News

The safe operation of boilers - who's responsible?

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Optimizing Energy Usage in Multi-Fuel Boilers

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A First Step in Reducing Power and Utility Costs and Emissions

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Solutions to complex Burner Management System (BMS) applications

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How to avoid energy over consumption in your manufacturing process

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The Lord Ezra Award

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What is going on inside a Steam and Condensate System?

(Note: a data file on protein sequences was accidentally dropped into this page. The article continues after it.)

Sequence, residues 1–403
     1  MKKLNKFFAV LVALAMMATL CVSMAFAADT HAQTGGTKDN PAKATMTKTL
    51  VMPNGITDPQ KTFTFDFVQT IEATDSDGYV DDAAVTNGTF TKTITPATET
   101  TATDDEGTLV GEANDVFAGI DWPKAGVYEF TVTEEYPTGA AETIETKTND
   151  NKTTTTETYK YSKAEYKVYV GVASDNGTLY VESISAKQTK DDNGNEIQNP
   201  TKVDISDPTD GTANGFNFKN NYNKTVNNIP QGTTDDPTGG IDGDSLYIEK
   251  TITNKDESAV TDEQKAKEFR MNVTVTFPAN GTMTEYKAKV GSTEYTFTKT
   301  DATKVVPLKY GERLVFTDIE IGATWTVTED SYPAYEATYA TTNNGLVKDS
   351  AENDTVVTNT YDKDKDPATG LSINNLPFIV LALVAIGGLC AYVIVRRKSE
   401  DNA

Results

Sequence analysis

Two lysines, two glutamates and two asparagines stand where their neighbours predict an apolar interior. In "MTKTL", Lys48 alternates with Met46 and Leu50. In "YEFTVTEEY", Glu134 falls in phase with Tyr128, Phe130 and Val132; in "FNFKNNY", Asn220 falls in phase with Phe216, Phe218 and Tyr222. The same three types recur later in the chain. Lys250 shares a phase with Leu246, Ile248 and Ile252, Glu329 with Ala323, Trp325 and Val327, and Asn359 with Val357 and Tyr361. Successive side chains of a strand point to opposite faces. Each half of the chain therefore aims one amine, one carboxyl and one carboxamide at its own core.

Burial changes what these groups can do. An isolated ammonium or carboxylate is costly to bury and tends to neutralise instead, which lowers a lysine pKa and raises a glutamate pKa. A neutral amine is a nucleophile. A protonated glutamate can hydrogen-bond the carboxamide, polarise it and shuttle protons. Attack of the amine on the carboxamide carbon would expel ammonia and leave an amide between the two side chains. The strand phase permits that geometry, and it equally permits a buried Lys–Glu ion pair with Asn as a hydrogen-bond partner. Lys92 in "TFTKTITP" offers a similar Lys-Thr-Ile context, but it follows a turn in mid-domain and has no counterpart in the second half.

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I-GAS a new qualification for maintenance & gas fitters

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Reducing boiler pressure saves energy – myth or fact?

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A new guide to water treatment for Industrial Boiler plant (BG04)

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Technical Director becomes Chairman of the Combustion Engineering Association (CEA)

After 3 years acting as Vice Chairman for the CEA, Adrian Rhodes becomes the official Chairman. 

ARhodes.pngTaking place at the association's AGM on Thursday 16th March 2017 which is held in the House of Lords, Adrian's predecessor, Derry Carr stepped down from his role as Chairman and fondly reminisced about his last three years in the position. 

Derry remains an active member of the Combustion Engineering Association as the Immediate Past Chairman. The CEA have conferences throughout the year where both Adrian and Derry are keynote speakers, along with other very experienced presenters from all across this sector.